Papacy - Timeline (Expand All)
33: Peter becomes first Pope, the vicar of Christ on Earth. The discourse of Christianity becomes rooted in the divine right to spread His Word to all nonbelievers. This mission is involved throughout history in the conquests of foreign lands and peoples. [Display Quote]
313: Constantine grants toleration to Christians, paving the way for Christianity to become the official religion of the Roman empire, which would, in turn, spur tension over whether pope or emperor held supreme power in secular as well as spiritual matters.
494: Pope Gelasius I argues for the primacy of papal power in a letter to Emperor Anastasius I [Display Quote]
800: Charlemagne is papally installed as Holy Roman Emperor, forwarding the vision of a unified Christian commonwealth under the ultimate rule of the vicar of Christ.
1049: Leo IX calls the Council of Rheims to combat such dangers to centralized Church autonomy as clerical marriage and simony, subordinating secular to spiritual, emperor to pope. [Hide Quote]
From the start Leo refused to be bogged down in Roman politics. . . . In this way papal authority became real and visible.
Geoffrey Barraclough. The Medieval Papacy. London: Thames and Hudson, 1968: 74-75.
1073: Gregory VII (1073-1085) excommunicates Henry IV -- who must then humble himself seeking pardon -- asserting unquestioned papal sovereignty over secular and spiritual matters. During his reign the most influential and progressive attempts at expanding the boundaries of Christianity are introduced to the Christian world. Gregory VII is credited with beginning the discourse on the need to educate non-believers in the Word of the Lord, which is later conducted through violence. [Display Quote]
1076: The Deposition of Worms includes both European kings and religious leaders who accuse Gregory VII of breaking the peace by forcing religion into the realm of imperial and secular rule. Kings and princes worry that the Pope will continue to usurp power over the common person, which might hinder foreign enterprises in Africa and, eventually, the New World.
1088: The reign of Urban II (1088-1099) is one of the most influential and controversial of all papal leaders for our purposes, for it is under Urban that holy war and the killing of infidels was finally accepted as a knight’s profession and the spreading of Christianity becomes the cloak for exploration of foreign lands. [Display Quote]
1095: Urban II’s speech at Clermont inaugurates the First Crusade, the first political campaign waged by a religious leader to condone the use of force to convert non-believers. With innuendos of Christian warriors in a battle to overcome sin, Urban effectively convinces men of all ranks to join the pilgrimage of the Holy Crusades [Display Quote]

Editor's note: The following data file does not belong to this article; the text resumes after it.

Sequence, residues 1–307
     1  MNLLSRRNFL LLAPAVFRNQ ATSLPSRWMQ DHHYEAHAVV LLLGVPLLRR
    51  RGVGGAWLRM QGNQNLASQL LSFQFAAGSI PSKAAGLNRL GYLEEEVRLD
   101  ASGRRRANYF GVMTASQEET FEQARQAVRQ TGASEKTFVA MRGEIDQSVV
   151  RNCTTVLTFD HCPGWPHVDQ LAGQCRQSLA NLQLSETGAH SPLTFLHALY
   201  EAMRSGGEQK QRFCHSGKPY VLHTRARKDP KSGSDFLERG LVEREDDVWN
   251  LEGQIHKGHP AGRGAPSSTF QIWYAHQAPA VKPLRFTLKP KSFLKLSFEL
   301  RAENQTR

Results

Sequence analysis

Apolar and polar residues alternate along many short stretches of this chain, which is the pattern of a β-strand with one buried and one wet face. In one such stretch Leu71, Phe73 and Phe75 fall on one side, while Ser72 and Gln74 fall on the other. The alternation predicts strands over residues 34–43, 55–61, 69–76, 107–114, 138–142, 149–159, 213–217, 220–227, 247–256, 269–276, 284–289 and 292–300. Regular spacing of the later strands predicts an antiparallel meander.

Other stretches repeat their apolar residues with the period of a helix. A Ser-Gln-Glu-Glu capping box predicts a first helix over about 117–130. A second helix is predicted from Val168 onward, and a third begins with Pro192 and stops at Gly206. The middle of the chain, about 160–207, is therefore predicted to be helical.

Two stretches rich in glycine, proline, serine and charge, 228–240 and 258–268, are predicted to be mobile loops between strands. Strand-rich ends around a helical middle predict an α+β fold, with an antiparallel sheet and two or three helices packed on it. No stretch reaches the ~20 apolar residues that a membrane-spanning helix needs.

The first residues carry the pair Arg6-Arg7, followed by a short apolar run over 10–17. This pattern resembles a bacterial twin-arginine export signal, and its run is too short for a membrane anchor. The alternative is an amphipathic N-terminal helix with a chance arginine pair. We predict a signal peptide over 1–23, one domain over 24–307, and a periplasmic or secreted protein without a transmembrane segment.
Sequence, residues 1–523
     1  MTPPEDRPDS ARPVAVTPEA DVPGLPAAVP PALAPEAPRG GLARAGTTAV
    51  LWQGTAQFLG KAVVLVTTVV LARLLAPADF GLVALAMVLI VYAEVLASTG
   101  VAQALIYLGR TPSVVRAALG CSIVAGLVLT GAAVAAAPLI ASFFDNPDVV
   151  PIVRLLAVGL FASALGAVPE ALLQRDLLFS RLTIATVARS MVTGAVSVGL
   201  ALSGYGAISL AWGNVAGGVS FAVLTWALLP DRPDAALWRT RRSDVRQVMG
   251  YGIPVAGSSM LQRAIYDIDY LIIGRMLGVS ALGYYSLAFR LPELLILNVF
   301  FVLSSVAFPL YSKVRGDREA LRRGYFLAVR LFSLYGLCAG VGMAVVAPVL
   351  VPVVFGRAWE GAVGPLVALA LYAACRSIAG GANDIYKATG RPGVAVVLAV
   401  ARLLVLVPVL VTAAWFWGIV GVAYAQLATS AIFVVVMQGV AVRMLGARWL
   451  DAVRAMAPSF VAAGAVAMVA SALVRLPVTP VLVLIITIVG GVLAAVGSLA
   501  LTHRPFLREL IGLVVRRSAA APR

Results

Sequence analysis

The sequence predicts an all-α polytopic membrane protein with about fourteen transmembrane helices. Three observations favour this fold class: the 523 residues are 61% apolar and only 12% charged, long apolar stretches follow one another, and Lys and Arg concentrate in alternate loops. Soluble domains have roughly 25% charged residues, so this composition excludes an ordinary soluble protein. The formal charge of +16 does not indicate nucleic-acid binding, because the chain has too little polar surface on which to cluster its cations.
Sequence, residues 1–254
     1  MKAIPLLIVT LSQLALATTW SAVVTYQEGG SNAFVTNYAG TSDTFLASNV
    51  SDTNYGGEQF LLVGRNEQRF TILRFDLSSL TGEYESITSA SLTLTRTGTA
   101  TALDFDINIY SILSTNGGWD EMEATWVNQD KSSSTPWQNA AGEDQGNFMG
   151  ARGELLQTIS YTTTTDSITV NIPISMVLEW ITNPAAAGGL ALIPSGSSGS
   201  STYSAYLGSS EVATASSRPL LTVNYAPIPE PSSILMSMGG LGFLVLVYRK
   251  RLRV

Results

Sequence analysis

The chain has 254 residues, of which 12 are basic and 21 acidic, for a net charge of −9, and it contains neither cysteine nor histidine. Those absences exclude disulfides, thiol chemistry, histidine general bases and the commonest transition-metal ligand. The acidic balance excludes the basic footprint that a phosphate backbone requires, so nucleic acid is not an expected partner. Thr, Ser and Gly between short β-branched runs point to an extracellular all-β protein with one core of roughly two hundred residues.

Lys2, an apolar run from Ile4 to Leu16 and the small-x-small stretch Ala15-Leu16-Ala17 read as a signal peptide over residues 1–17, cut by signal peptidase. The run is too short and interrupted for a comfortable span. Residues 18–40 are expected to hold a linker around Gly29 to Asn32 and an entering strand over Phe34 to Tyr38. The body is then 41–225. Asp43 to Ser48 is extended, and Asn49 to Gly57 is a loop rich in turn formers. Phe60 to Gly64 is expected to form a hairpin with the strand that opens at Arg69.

1146: Crusade II begins after kings and Christian leaders assess the profits gained in the first Holy Wars against the Saracen Moslems. The successes of the first Crusade led papal and secular leaders to continue to wage war against infidels and conquer them for their lands. Once again, war is fought in the name of conversion of the nonbelievers. [Display Quote]
1154: Under Adrian IV the colonization of lands neighboring Europe becomes a common occurrence. Adrian continues Urban II’s legacy of recruiting men of all statuses to join in wars against non-believers.
1156: Adrian condones the conquest of Ireland by English in an effort to further expand Christian borders and to help troops practice for further expeditions and Holy Wars. The conquest of Irish lands and peoples are markedly brutal and bloody, but the wars continue to be condoned under the guise of defense against infidels in the future.
1158: Gratian, in Decretum, claims human law must be rational, upholding the pope’s power to create both religious and secular laws. [Display Quote]
1185: Crusade III begins as a recourse to continue bringing profits to a faltering religious community. Funding is being lost in campaigns to the Holy Lands, in rewarding and paying knights and the military, and in extravagant spending. The peoples conquered are seemingly of no consideration to leaders. [Display Quote]
1199: Innocent III (1198-1216) writes Quod super his concerning how Christians can dispose infidels of dominium. Innocent decides that if a non-believer refuses to accept and adopt the teachings of Christ, he is not truly a full human being and therefore is undeserving of humane treatment and subject to force. Being subject to force is an opening to violent means at conversion. See his summons to a crusade [Display Quote]
1204: Crusade IV begins, and the battle for Constantinople commences. It is with this Crusade that the papal legate is reprimanded for abusing its powers of force and influence over Christians and non-believers. As the use of force on others is questioned, the Church’s influence over colonization becomes shaky. [Display Quote]
1210: Uguccio, a cleric, proclaims that God wanted the spiritual and temporal offices separated, a sentiment that completely contradicts the papal striving for increased imperial power. Uguccio’s declaration reestablishes the debate over the role religious leaders should play in the making of national and secular decisions. [Display Quote]
1215: The founding of the Dominican Order, which marks the beginning of increased religious dissent over the treatment of infidels in conquered countries. The Dominicans make it their mission to travel to the Canary Islands and other lands colonized by European explorers. They discover and publicly share the brutality and gross negligence of the holy duty to Christianize non-believers proposed by the Holy See.